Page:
A wonderful way to start the weekend. Look at the pictures we got from Uganda. The children of the orphanage received Christmas gifts provided by our office. Their smiles and excitement jump at you and makes you understand that it takes so little to make a difference… and Esc Arc is having an impact in these little ones lives!!!!! So guys, stop complaining about working on the weekends and holidays. The fruit of our labor and the sacrifices our families have to endure sets in motion a positive ripple effect in which our randoms acts of kindness multiply themselves algorythmically.
Let’s face it Gang, 2006 was a psycho year. It was a year of shock therapy for all of us, including me. We had great blessings and climbed insurmountable peaks, from losing all our key people to gaining some of them back. We went from the dissolution of an established partnership to the growing pains of a much better one. We got projects approved which the nay-sayers said “it ain’t gone to happen” in Palm Springs. We struggled among ourselves to find our own voice, while finding new soulmates. We recruited some great clients and outstanding tribal members such as Juju and Dicle, but along the way, we had to kiss a few frogs “good bye” and redefined the notion of a “family”. That is the nature of Esc Arc, always in a state of “flux”, always questioning, holding a mirror to people’s faces and forcing them to conquer their own inadequacies.
Yes, at Esc Arc, we are unique and proud to practice architecture full of passion, song and dance. We are big on dreams and we set about to fulfill them like “it ain’t no big thing”. Proof of that we are the “small train that could” we were just interviewed by Architectural Record for an article to be featured in March. We were just quoted on Met Home Magazine, and to be featured on Dwell, Palm Springs Life (this is getting old), Shelter Magazine and “Modernist Desert Homes” book.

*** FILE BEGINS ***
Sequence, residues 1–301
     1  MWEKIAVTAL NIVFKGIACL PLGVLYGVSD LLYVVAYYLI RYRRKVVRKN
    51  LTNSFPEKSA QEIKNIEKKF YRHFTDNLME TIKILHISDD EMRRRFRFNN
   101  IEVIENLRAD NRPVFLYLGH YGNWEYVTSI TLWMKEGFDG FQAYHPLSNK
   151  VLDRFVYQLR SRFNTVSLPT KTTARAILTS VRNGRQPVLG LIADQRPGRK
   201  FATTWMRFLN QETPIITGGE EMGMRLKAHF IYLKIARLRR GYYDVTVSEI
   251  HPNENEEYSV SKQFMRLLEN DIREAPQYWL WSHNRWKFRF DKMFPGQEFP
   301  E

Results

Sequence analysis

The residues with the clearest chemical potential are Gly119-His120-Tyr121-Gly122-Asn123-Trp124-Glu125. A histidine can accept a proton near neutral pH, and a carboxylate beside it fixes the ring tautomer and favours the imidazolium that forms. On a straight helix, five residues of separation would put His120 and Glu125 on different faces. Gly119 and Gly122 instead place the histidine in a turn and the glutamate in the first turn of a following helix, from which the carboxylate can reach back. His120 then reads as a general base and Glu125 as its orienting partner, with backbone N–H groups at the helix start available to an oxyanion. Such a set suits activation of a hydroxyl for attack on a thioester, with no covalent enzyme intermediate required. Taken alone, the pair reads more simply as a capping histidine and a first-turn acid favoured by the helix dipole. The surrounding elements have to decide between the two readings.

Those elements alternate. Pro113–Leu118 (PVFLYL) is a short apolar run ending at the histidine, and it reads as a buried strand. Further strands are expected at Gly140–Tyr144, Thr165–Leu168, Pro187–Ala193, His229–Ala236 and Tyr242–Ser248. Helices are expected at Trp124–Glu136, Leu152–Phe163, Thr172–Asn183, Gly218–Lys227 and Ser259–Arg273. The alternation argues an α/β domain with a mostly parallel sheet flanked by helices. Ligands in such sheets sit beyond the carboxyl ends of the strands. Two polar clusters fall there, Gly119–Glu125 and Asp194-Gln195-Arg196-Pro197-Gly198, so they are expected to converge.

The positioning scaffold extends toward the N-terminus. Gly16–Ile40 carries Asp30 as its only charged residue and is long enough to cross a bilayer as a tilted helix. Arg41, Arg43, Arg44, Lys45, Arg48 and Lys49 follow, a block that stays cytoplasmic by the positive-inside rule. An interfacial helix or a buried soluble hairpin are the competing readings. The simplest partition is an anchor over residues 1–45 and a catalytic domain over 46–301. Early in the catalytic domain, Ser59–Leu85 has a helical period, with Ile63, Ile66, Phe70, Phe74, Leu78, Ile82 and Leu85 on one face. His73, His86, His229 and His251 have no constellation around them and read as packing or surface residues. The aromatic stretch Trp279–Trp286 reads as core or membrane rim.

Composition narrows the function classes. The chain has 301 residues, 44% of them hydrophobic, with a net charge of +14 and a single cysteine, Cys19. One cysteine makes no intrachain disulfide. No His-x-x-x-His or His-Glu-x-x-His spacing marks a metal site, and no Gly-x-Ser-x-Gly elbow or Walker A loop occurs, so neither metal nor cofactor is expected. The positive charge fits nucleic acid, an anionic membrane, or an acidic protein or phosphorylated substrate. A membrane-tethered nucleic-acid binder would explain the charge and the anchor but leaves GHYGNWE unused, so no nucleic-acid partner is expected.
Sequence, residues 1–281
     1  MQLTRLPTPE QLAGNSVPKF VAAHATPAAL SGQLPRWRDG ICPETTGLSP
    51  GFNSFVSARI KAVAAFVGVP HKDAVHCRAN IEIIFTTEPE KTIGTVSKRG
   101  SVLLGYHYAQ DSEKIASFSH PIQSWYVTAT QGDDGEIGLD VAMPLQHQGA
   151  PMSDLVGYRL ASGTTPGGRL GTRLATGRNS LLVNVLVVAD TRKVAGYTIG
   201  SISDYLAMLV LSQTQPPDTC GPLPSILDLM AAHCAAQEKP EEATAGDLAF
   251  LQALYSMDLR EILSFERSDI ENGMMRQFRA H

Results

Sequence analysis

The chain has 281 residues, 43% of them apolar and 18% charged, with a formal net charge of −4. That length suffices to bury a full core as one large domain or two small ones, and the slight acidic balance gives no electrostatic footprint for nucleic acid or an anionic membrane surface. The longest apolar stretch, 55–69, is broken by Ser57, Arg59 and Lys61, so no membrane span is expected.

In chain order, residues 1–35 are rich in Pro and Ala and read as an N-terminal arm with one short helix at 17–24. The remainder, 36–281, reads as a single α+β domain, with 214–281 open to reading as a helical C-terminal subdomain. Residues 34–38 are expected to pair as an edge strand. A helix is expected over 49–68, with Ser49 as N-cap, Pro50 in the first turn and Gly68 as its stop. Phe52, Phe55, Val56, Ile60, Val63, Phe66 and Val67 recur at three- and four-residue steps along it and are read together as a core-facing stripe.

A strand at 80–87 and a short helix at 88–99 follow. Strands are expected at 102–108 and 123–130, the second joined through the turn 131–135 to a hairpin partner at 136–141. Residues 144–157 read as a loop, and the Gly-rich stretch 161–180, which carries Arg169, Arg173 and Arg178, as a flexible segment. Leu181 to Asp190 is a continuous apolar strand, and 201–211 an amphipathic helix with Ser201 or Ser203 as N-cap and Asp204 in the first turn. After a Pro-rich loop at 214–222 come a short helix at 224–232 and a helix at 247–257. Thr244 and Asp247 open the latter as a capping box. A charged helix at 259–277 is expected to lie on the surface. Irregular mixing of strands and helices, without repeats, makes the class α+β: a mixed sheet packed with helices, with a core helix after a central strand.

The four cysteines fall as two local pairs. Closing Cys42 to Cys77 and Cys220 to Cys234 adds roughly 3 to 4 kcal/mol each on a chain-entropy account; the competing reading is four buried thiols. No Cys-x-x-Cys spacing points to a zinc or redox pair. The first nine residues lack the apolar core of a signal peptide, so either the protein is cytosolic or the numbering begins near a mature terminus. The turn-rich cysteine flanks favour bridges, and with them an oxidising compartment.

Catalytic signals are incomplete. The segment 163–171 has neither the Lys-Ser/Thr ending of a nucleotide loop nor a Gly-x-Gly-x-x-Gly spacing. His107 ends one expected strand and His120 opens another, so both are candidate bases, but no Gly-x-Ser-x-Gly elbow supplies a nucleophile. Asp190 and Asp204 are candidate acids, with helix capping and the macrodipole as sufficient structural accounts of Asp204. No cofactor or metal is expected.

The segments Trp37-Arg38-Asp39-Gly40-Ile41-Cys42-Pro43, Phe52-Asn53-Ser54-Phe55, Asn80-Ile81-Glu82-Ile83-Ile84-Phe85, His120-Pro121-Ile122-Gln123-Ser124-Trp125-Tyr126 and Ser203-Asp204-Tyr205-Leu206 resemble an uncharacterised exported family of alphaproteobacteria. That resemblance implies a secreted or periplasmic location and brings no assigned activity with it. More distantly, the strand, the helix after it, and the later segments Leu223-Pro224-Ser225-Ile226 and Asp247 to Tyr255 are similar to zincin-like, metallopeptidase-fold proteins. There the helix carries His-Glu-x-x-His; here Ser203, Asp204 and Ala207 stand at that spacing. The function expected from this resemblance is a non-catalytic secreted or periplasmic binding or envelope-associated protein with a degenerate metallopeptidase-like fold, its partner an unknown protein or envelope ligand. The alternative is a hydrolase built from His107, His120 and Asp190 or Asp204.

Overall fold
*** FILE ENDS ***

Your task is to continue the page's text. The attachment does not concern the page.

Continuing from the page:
On-going projects vary in scope, from the $60 million “biggest project in Palm Springs since the building of the Airport” to a humble restoration in Coachella, which only pays for our gas and reproduction. We have developed a great roster of clients, many of them “frequent fliers” like Brian Linnekens, College of the Desert, San Bernardino Diocese. We have The Palm Canyon, The Alejo Mixed Use, The new St. Theresa Library, College of the Desert Aquatic Center Conversion, The Balthazoar Steel Home, etc. etc. the list never ends… even a Resort Hotel Tower and Condo Complex in El Salvador's Pacific Coast for the biggest developer in Latin America, Roble and Associates (I know Marco will love this one). We have our first meeting in March. Along the way, we met people who are at the frontier of their own fields and that makes our “architectural journey” more meaningful and worth pursuing.
And of course, Esc Arc’s baby, the AROH School in Uganda East Africa… No need for words. Great client, great cause and most importantly, it is the sum of experiences and desires, it is what architecture should be about. Improving people’s lives by improving the built environment, and having a great time while doing it.
Hey Slackers, there are a lot of greater things to come, so hold on tight to your seats